“The ability to have a later start time can help them have a more conscious approach,” said Dr. John O’Keffe, Neuro Performance and Leadership Strategist.
Students are back in school, but this year, they get an extra hour of sleep.
That’s thanks to a first-of-its-kind mandate in the Golden State requiring that middle schools start no earlier than 8 a.m. and high schools 8:30 a.m. – all in an effort to help students get more sleep.
“Sleep is obviously very important to all thinking processes, and especially for children because they’re more sensitive in their brain development,” said Dr. O’Keffe. “Sleep affects the autonomic nervous system and that affects all of our movements from breathing to heart to hand movements, anything you can think of.”
Sleep also affects the conscious mind and a student’s ability to select and absorb information.
“We have different brain wave levels,” said Dr. O’Keffe. “Alpha which is relaxation, beta which is consciousness, theta which is creativity and delta which is sleep.”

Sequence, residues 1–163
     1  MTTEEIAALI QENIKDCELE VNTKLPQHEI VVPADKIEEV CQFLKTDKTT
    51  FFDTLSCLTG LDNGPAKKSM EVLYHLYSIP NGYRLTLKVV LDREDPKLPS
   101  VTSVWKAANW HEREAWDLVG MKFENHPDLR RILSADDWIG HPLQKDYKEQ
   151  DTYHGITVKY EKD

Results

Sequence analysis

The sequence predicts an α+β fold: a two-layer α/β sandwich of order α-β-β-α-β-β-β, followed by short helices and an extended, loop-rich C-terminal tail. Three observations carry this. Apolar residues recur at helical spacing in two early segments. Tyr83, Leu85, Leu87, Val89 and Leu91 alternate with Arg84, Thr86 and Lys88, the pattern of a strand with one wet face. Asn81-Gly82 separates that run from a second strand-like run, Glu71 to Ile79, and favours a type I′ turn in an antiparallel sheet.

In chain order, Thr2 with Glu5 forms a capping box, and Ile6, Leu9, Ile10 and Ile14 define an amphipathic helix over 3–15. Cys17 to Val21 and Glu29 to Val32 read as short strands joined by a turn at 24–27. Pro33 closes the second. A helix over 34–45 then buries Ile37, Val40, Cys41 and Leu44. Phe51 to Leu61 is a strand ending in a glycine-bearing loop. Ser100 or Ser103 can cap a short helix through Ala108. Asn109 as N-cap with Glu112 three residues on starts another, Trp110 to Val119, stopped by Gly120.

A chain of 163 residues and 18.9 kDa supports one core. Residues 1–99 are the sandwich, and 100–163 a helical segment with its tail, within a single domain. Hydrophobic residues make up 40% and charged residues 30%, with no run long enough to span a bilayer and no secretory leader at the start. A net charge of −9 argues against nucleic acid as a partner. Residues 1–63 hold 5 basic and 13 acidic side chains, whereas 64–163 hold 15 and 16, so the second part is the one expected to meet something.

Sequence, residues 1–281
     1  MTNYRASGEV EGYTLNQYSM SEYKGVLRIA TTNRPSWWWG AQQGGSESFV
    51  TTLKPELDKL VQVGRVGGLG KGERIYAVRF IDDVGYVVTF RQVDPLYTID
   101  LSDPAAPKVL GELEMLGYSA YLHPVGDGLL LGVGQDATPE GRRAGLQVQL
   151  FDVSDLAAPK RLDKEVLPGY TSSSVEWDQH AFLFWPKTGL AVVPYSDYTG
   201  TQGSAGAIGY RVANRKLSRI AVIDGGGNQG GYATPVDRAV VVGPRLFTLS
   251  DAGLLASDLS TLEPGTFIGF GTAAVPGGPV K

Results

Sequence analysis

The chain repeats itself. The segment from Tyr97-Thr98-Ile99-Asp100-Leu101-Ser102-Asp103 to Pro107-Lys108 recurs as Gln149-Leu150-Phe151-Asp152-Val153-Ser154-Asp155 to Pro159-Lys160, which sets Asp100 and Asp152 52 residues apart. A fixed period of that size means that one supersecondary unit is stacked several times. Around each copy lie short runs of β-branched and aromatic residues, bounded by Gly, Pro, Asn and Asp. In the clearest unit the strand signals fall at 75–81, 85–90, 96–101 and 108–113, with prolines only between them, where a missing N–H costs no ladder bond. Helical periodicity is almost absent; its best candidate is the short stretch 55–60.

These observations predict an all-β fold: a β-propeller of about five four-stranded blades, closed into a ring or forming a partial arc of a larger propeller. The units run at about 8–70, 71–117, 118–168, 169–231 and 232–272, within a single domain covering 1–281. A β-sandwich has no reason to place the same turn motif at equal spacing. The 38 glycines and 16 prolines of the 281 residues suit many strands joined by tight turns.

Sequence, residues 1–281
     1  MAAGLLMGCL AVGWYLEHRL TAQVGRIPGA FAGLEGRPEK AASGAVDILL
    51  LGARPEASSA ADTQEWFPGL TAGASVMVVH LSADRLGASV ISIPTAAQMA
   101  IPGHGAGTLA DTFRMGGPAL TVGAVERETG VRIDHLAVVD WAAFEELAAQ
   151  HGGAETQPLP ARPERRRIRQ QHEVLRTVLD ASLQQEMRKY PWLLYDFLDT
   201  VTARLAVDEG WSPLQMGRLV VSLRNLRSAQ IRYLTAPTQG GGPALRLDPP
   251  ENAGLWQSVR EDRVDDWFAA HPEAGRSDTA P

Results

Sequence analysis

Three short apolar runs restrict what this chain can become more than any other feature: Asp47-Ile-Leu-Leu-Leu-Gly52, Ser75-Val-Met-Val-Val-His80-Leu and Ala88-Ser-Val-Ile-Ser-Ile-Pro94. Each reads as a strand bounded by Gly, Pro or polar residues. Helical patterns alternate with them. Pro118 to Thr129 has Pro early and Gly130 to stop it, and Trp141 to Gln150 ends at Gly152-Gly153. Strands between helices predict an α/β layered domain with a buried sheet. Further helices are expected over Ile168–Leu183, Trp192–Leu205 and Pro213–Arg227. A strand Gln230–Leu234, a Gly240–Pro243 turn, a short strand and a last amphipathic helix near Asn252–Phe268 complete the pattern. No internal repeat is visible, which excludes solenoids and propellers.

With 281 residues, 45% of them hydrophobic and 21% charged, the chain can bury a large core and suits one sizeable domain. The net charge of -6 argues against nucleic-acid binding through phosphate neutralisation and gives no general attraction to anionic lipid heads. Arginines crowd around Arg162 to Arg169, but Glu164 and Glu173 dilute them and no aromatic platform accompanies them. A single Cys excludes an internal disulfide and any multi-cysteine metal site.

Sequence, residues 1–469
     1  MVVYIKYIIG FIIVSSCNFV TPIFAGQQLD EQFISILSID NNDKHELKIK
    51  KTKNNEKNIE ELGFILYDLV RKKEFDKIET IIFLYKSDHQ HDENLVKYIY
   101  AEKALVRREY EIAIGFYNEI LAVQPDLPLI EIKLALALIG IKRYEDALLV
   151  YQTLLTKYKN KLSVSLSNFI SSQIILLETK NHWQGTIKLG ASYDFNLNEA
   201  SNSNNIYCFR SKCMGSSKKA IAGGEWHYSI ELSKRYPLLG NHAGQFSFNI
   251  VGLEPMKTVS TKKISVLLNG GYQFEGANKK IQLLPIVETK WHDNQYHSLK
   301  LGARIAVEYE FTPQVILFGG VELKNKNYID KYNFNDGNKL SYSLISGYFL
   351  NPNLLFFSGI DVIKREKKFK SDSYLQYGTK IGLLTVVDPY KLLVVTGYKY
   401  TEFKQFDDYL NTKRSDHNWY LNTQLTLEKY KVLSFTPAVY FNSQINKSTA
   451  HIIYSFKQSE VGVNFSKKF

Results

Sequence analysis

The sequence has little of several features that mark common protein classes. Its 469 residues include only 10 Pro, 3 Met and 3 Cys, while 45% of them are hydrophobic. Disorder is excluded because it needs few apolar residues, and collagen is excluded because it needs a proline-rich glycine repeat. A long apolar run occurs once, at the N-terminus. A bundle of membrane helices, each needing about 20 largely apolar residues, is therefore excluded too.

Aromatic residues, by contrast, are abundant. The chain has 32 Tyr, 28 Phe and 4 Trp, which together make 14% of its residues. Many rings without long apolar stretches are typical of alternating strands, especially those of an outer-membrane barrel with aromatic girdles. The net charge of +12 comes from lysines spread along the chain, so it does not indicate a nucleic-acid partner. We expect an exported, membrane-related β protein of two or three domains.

He says more sleep will help children be in a higher beta brainwave which helps them be more alert and have more retention for conscious learning.
“The reason why that’s important is if the children are not quite awake, they stay in a state between alpha and delta and so they’re not quite clear, they’re not quite focused so learning becomes an issue,” said Dr. O’Keffe.
This is the first year PSUSD is implementing the late start program.
“One of the things we’re looking at is really trying to maximize our morning time with our secondary, specifically at the middle school level,” said Deanna Keuilian, Director of Secondary Curriculum and Instruction for PSUSD.
Meanwhile, DSUSD already has one year of experience with later class times.
“I think what we’ve seen is reflected in what the research that has driven that legislation has shown us is that our high school students, our middle school students need that extra hour of sleep,” said Dr. David Gustafson, Director of Secondary Curriculum Instruction and Assessment for DSUSD.
But school officials warn…
“It’s very important for us to remember though that even with a late start, that doesn’t give you permission to stay up an hour late, students,” said Dr. Gustafson. “We want kids to be well rested and ready to learn.”